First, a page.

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Brief Hospitalization and Aftercare in the Treatment of Schizophrenia

Eugene M. Caffey Jr., MD; Charles R. Galbrecht, PhD; C. James Klett, PhD
Arch Gen Psychiatry. 1971;24(1):81-86. doi:10.1001/archpsyc.1971.01750070083012.
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A total of 201 schizophrenic men were randomly assigned to one of three groups: (1) standard hospital care with discharge at physician's discretion and normal VA care; (2) accelerated hospital care for 21 days and treatment by the same staff on an outpatient basis for one year; and (3) standard hospital treatment followed by the aftercare program given group 2. The brief-treatment group showed as much sustained improvement as those who stayed longer. The longer-stay groups tended to be more symptomatic than the brief-treatment group after three weeks but less symptomatic at their discharge. Both intensified aftercare groups manifested less pathological disturbance at 12 months. The short-stay group did not demonstrate a greater incidence of readmission or a shorter mean time out of the hospital prior to first readmission. There was little evidence of the superiority of one group over another with respect to community adjustment.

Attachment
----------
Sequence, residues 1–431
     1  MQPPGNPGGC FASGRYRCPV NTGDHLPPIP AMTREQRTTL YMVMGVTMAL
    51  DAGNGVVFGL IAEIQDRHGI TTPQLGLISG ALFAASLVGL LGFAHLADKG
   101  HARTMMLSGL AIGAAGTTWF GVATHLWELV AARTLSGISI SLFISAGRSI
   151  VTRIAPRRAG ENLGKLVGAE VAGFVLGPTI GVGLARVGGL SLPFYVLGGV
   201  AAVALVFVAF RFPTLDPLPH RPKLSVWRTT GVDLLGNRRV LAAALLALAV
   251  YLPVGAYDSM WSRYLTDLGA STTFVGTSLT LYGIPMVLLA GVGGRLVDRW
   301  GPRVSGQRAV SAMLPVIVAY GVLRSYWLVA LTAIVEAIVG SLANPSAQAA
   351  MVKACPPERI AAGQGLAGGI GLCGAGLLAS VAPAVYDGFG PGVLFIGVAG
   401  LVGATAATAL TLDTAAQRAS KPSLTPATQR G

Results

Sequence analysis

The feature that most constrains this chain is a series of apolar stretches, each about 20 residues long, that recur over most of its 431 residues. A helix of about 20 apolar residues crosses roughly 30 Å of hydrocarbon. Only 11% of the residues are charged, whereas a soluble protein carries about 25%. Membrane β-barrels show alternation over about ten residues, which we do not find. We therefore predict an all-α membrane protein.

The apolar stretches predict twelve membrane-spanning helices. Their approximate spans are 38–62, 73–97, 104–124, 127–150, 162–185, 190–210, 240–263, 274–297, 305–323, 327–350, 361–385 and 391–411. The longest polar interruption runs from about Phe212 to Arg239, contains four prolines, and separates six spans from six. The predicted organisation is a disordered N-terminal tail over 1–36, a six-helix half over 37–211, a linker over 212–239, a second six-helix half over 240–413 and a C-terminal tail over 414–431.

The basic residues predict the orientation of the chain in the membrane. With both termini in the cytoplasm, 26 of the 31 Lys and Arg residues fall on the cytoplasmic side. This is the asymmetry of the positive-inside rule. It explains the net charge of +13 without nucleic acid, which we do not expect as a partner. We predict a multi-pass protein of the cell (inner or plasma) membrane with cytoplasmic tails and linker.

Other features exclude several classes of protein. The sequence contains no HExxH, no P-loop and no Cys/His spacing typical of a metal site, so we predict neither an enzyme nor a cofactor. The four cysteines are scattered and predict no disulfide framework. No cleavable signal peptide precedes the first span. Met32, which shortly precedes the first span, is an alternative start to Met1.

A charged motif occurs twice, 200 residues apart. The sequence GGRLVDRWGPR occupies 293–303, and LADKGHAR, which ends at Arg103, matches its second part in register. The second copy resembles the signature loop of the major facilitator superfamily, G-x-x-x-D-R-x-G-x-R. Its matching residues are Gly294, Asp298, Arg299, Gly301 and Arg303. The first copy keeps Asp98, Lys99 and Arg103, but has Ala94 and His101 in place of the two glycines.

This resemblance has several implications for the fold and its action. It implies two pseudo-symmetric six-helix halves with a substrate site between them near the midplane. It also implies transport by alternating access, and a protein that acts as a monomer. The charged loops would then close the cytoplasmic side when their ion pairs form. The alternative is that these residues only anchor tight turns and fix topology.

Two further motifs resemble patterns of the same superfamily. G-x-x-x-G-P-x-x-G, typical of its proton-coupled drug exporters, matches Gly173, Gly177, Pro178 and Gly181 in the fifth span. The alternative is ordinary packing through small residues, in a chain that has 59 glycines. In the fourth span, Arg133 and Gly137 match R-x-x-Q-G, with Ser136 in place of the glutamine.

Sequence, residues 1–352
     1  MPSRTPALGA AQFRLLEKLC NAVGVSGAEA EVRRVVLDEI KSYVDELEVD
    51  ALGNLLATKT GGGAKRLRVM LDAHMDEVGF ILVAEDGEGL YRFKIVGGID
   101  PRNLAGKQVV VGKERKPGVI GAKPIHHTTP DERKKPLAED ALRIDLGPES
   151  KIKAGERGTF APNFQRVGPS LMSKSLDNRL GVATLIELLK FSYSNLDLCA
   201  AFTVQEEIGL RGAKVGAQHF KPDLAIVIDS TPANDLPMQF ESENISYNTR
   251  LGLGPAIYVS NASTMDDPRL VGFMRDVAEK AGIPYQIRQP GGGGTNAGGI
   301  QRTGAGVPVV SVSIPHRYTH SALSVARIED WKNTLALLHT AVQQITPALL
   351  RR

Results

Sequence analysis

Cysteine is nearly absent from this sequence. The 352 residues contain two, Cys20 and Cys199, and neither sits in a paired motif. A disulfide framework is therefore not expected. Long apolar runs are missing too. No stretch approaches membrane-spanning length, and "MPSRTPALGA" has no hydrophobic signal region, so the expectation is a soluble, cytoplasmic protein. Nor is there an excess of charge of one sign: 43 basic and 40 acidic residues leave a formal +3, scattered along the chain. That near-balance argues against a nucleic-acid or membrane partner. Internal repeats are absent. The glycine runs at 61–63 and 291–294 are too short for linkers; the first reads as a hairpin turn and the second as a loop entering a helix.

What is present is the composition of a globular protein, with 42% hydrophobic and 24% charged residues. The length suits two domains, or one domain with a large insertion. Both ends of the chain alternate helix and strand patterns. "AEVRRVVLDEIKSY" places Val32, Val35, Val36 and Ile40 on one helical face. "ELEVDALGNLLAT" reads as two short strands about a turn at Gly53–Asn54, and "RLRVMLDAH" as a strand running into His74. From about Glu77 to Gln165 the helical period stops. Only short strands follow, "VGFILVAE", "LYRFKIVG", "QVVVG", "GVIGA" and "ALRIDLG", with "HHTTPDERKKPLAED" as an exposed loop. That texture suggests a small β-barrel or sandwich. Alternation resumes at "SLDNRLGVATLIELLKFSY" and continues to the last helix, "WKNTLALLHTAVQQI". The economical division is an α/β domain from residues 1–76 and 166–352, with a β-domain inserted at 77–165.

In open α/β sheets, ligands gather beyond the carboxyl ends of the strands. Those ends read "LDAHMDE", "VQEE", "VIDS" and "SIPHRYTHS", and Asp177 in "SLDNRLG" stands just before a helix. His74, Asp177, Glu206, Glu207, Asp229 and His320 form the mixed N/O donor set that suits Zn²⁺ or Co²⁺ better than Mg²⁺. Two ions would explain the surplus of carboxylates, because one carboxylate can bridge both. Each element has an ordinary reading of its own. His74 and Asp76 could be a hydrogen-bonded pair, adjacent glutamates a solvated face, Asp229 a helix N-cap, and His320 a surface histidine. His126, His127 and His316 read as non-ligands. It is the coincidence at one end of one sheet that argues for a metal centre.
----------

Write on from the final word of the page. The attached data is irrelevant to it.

ONE OF the more significant trends in modern psychiatric treatment involves moving the hospitalized patient out as soon as socially disturbing symptoms are under control. The availability of psychotropic agents and vast experience in their use, accompanied by a reinvigorated concept of the therapeutic role of the hospital, have made it possible to provide treatment in such fashion. A profusion of aftercare facilities reflect the increased attention being paid to outpatient care as a support for posthospital adjustment.1,2 A priori, a short hospital stay allows the patient to maintain his ties to the outside world.


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